Seven of eight state and territory capital cities in Australia are situated on or near estuaries. Estuaries provide economic, social, and environmental benefit to the inhabitants of those cities and to the nation as a whole. Nutrient pollution – nitrogen and other nutrients added through agricultural runoff, industry, and population growth – is one of the most serious challenges to the long-term health of estuaries and to the coastal development it supports. Understanding the capacity of ecosystems to process added nitrogen is essential to the agencies guiding sustainable development of Australia’s coastline.
The capacity of ecosystems to process and remove nitrogen is largely determined by the natural microbial processes. As important as these microbial processes are to understand, they are equally difficult to measure and model. Accurate modelling is challenging due to the complex web of physical, chemical, and biological interactions that determine distribution and function of microbial communities. Direct measurement is laborious and cannot produce data at the resolution required by models and decision makers.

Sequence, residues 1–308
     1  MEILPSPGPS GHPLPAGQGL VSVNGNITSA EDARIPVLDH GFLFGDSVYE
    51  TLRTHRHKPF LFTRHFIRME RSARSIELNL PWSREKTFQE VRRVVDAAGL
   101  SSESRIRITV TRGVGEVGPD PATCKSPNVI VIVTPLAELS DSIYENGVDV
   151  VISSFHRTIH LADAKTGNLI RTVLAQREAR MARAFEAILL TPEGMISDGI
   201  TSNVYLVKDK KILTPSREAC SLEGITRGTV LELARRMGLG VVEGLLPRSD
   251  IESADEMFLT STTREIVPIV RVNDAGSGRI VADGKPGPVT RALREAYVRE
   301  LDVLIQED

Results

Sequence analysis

Our project aims to test the potential of environomics to provide qualitative and quantitative indicators of microbial nitrogen cycling at the spatial and temporal scales required by ecosystem managers and modellers. Across a range of estuarine environments, we are assessing correlations between rates of key microbial processes like denitrification, and molecular and chemical measures like microbial community composition, functional gene abundance and distribution, organic carbon bioavailability, and isotopic fractionation in organic nitrogen and dissolved nitrate. We collaborate with biogeochemical modellers to improve the functioning of bacterial nitrogen processes in CSIRO’s core ecosystem models and to integrate the environomic measures we develop. Through higher data resolution and better model accuracy, we aim to provide industry, government, and communities with the tools they need to manage nutrient pollution and the health of the ecosystems in which they work and live.
Project lead: Dr Kristen Karsh (Environomics FSP Postdoctoral Fellow)
This project forms a component of the Microbes and healthy waterways project led by Andrew Bissett.